Assertions on Simple Types

XSD 1.1 allows assertions on simple types to be defined. The mechanism is to define an xs:assertion element as a child of the xs:restriction child of the xs:simpleType element (that is, it acts as an additional facet). The type must be an atomic type. The value of the test attribute of xs:assert is an XPath expression.

The expression is evaluated with the value being validated supplied as the value of the variable $value. This will be an instance of the base type: for example, if you are restricting from xs:string, it will be a string; if you are restricting from xs:date, it will be an xs:date; if you are validating a list of integers, then $value will be a sequence of integers.

If the effective boolean value of the expression is true, the value is valid. If the effective boolean value is false, or if a dynamic error occurs while evaluating the expression, the value is invalid. Currently no diagnostics are produced to indicate why the value is deemed invalid, other than a statement that the xs:assertion facet is violated. You can supply a message in a saxon:message attribute: see saxon:message.

The XPath expression has no access to any part of the document being validated, other than the atomic value of the actual element or attribute node. So the validation cannot be context-sensitive.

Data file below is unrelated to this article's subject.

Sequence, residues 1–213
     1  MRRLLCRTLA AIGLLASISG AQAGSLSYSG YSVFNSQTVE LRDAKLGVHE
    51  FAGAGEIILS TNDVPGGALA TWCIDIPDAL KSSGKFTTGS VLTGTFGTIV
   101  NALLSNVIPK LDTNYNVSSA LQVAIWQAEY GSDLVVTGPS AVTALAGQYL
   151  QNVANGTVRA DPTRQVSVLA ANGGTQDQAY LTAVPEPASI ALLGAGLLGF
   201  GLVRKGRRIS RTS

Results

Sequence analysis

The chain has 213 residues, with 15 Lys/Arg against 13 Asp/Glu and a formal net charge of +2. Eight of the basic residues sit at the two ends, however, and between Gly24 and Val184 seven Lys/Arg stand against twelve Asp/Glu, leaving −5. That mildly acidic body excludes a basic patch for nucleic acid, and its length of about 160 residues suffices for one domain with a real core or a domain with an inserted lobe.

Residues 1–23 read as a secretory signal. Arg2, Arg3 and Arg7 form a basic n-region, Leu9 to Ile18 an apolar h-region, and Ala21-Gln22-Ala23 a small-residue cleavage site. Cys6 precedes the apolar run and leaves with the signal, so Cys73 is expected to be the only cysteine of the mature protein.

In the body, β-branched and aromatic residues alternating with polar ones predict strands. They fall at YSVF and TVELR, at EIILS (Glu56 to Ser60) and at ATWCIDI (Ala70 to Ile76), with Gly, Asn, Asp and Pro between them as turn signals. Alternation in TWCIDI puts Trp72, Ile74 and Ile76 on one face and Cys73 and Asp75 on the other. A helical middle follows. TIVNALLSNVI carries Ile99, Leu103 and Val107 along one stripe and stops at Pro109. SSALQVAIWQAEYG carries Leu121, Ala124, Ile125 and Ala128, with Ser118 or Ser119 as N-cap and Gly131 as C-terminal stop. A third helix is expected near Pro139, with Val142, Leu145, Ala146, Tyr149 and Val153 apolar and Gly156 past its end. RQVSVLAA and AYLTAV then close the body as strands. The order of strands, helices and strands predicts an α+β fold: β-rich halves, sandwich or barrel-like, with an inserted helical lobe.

The XPath expression may make calls on Java extension functions in the normal way: see Writing extension functions in Java. Allowing call-out to procedural programming languages means that you can perform arbitrary procedural validation of element and attribute values. Take care to disable use of extension functions if validating against a schema that is untrusted.

The following example validates that a date is in the past:

<xs:element name="date"> <xs:simpleType> <xs:restriction base="xs:date"> <xs:assertion test="$value lt current-date()"/> </xs:restriction> </xs:simpleType> </xs:element>

The following example validates that a string is a legal XPath expression. This relies on the fact that a failure evaluating the assertion is treated as "false":

<xs:element name="xpath"> <xs:simpleType> <xs:restriction base="xs:string"> <xs:assertion test="exists(saxon:expression($value))" xmlns:saxon="http://saxon.sf.net/"/> </xs:restriction> </xs:simpleType> </xs:element>

Note how the in-scope namespaces for the XPath expression are taken from the in-scope namespaces of the containing xs:assert element.